Do you think that your choice in tips is the right choice or simply politically correct? What I mean by politically correct is, is your choice in tips controlled by the opinion of your peers or some professional player that you know, or is it based on fact? By the end of this article you should be able to answer this question for youself.
What are the differences in pool cue tips?
As you probably already know, you have everything from very soft singlepiece animal skin tips from various types of animals (elk, cow, water buffalo and cape buffalo) to very hard single piece animal skins. There is also the laminated tips ranging anywhere from three to fifteen layers. The laminated tips also range from soft to extremely hard using various animal skins and tannages. The end result is a myriad of confusing choices. I would like to unmuddy the water for you somewhat. All of these variables can impact power, accuracy, and your sight picture.
First let’s assume that you already know that the shape or radius of the tip is of utmost importance and must be maintained at all times during gameplay. That very important shape that I just mentioned is the radius of a dime (roughly) or a “0.375” radius. In other words, hold a dime edgewise up to your tip and look over the top… If it does not match the shape or radius of a dime on the top of your tip, you’ve already got a problem.
When the ball is struck by the tip, the portion of the tip that takes the force is no more than an eighth of an inch offcenter in all directions. This is true regardless of whether you’ve struck the cue ball a sixteenth off center, or a full tip off center. What this radius does is generate the force, regardless of where it is struck, to the center of the tip and down through the center of your cue. Soft tips create more distortion than harder tips. In otherwords, a larger area of the tip makes contact and wraps around the cue ball in the case of a soft tip. This may give you more tip confidence, particularily if you’re a beginner, because you will miscue less, despite having a sloppy stroke; but, the price you will pay is less power and a whole lot more deflection of the cue ball, because you have moved all of the tip to one side of the cue ball with virtually no penetration. On the other hand, a hard tip will focus the energy in a much smaller area at impact and will give you a higher degree of penetration. When I speak of penetration, I mean the force being directed to the cue ball by virtue of the direction the cue is being swung or pointed and that force penetrates the cue ball in the direction that the shaft or cue is being driven. As an added bonus, a harder tip lasts longer.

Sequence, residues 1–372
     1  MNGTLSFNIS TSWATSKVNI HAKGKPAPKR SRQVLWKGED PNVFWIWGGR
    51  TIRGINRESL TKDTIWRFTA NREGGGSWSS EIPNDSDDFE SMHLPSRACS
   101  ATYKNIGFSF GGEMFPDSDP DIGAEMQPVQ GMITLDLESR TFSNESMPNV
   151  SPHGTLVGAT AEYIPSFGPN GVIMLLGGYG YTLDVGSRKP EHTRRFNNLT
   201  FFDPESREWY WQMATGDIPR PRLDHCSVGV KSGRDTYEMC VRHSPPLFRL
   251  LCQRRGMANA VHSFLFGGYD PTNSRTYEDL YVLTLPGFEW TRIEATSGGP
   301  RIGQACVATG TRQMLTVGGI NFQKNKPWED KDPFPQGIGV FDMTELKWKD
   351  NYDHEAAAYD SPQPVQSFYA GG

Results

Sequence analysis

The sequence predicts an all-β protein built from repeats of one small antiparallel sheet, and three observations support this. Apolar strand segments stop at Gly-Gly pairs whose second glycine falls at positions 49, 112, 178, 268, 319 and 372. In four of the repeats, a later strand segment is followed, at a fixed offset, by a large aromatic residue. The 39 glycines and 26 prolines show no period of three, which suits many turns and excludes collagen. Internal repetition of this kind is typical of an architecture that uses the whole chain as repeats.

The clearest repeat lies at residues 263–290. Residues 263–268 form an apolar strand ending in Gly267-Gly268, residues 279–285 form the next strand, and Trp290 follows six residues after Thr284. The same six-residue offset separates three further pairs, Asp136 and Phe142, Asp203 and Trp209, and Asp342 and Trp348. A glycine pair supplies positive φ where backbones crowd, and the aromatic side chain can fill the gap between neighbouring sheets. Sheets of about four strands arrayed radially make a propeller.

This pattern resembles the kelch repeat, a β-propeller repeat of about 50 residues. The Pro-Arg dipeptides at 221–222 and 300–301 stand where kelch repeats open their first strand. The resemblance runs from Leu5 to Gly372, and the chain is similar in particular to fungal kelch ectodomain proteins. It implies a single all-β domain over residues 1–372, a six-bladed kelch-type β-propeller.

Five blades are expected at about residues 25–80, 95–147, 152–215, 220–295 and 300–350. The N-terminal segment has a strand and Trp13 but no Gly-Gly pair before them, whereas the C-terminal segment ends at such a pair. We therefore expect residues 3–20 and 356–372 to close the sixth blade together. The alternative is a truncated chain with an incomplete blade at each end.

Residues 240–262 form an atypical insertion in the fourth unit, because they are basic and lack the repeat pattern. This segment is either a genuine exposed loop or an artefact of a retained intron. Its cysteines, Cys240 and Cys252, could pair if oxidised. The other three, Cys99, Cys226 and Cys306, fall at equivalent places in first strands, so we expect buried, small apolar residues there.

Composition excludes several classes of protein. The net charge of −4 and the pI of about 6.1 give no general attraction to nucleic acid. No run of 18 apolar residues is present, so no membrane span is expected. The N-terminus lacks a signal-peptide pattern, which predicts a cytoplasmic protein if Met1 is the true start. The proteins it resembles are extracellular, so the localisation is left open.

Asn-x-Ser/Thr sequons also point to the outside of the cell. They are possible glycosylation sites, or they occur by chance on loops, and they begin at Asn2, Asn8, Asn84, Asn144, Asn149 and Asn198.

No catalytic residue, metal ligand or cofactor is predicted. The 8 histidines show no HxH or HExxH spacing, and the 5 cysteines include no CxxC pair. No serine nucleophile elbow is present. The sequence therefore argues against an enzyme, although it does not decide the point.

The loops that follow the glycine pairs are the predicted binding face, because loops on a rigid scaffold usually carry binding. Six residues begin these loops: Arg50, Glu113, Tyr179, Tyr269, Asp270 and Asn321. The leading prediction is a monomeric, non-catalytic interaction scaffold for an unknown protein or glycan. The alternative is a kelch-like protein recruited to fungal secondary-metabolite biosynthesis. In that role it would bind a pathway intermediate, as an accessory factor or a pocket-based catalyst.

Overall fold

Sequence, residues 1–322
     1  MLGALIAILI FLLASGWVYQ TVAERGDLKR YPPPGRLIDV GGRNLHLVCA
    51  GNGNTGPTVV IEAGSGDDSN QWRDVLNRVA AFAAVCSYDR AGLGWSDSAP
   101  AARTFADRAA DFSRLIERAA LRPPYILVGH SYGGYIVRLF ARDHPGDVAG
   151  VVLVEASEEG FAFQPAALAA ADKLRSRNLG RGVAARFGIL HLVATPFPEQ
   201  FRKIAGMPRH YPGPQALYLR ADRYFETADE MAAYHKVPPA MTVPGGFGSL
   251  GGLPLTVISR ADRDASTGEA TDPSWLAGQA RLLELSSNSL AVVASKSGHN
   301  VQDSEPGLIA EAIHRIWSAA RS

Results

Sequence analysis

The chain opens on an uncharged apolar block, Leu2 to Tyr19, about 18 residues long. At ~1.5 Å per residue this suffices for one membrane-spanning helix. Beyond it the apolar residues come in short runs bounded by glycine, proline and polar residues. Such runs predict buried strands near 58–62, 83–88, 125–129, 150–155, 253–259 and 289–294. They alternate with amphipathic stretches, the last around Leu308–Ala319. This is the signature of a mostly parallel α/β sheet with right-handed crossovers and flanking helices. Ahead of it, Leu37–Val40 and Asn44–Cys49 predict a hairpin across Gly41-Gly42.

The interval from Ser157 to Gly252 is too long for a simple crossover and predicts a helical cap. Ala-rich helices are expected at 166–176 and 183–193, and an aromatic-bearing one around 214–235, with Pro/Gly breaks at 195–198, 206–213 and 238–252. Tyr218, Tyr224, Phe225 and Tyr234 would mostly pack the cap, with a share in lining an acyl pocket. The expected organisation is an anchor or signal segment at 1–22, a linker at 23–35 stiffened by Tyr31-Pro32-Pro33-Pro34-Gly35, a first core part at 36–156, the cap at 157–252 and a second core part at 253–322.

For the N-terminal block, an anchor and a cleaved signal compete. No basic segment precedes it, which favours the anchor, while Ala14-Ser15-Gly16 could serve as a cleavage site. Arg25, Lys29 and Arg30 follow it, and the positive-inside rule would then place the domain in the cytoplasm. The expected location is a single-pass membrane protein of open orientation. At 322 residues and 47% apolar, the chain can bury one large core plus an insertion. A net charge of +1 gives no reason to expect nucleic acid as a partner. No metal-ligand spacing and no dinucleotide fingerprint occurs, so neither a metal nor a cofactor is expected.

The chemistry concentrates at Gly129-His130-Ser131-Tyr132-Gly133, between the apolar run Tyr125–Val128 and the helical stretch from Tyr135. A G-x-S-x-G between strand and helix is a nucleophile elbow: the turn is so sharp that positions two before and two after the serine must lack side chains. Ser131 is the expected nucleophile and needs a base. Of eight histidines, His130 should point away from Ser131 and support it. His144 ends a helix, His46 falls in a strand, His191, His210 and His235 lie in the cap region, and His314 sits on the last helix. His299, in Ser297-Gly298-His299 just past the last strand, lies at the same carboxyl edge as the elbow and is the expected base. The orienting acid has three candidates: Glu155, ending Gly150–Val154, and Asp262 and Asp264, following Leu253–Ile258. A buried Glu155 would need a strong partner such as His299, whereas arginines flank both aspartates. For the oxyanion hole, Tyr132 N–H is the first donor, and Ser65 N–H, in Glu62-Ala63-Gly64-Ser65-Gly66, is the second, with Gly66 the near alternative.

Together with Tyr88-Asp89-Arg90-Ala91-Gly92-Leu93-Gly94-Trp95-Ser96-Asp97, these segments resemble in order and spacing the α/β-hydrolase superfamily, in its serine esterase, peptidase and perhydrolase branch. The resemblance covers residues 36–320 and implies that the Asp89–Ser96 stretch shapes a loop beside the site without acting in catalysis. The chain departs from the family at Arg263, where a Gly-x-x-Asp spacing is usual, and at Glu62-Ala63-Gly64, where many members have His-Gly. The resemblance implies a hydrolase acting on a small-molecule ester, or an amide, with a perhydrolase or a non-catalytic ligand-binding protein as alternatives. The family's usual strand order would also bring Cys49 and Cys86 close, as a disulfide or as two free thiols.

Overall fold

What about miscueing with hard cue tips?
The simple fact of the matter is, that the small, glasslike particles of chalk, which cause the friction, are held higher up on the surface on a hard tip so that they will penetrate deeper into the surface of the cueball at impact. A soft tip allows more particles to come into contact because of it’s increased tip surface at impact; however, though there be more particles in contact with the cue ball, it does not penetrate the cue ball as deeply and therefore creates less friction per particle. Bottomline: You have the choice of either more particles penetrating less or fewer particles penetrating more… The net total friction is about a trade-off. Whether the tip you choose is one single piece of hide or laminated multipe pieces of hide, the key issue is the more penetration means more accuracy, more power, and tremendously less cue ball deflection and negative effects on your sight picture. As a side note: You’ve probably noticed, if you’ve played much, that a tip plays its best just before it has to be changed. This is because it has been pounded enough through constant play to make the tip more dense (harder in all areas).
What does Meucci Originals do with this information?
After testing every tip on the market, and measuring it’s resultant power and deflection variation, we have found that a hard tip with even harder outside edges around the circumference will perform the best. Harder outside edges so that the energy is directed into the cue will be focused more towards the center of the shaft, while at the same time keeping the outside walls of the tip from breaking down. There is only two ways to get this result: 1. A hard water buffalo tip. or 2. To compress the tip of your choice as hard as you can, then shape to a dime radius and then pound the outside edges to further harden the circumference and reshape that area to be once again a dime radius.
We take both the latter and former choice at Meucci Originals with the well-known Le Professional tips or hard water buffalo tips. I hope I haven’t caused you even more confusion. I think the choice should now be simple: your choice should be made according to knowledge and experience instead of the fashion of the day.